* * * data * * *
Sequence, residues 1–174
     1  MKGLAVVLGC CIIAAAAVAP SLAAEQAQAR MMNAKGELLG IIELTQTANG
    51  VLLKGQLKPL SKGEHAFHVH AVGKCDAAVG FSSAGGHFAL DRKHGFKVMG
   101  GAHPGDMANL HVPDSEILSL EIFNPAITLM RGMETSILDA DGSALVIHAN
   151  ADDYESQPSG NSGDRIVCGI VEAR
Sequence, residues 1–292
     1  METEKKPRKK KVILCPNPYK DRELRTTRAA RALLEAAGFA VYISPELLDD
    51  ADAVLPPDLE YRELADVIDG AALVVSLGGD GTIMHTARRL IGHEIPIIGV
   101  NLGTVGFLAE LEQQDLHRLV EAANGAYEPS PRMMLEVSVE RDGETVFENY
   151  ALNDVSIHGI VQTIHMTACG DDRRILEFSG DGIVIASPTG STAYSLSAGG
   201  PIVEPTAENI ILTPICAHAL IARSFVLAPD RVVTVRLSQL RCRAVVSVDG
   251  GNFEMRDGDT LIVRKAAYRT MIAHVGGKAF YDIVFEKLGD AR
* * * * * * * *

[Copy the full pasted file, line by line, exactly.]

Sequence, residues 1–174
     1  MKGLAVVLGC CIIAAAAVAP SLAAEQAQAR MMNAKGELLG IIELTQTANG
    51  VLLKGQLKPL SKGEHAFHVH AVGKCDAAVG FSSAGGHFAL DRKHGFKVMG
   101  GAHPGDMANL HVPDSEILSL EIFNPAITLM RGMETSILDA DGSALVIHAN
   151  ADDYESQPSG NSGDRIVCGI VEAR
Sequence, residues 1–292
     1  METEKKPRKK KVILCPNPYK DRELRTTRAA RALLEAAGFA VYISPELLDD
    51  ADAVLPPDLE YRELADVIDG AALVVSLGGD GTIMHTARRL IGHEIPIIGV
   101  NLGTVGFLAE LEQQDLHRLV EAANGAYEPS PRMMLEVSVE RDGETVFENY
   151  ALNDVSIHGI VQTIHMTACG DDRRILEFSG DGIVIASPTG STAYSLSAGG
   201  PIVEPTAENI ILTPICAHAL IARSFVLAPD RVVTVRLSQL RCRAVVSVDG
   251  GNFEMRDGDT LIVRKAAYRT MIAHVGGKAF YDIVFEKLGD AR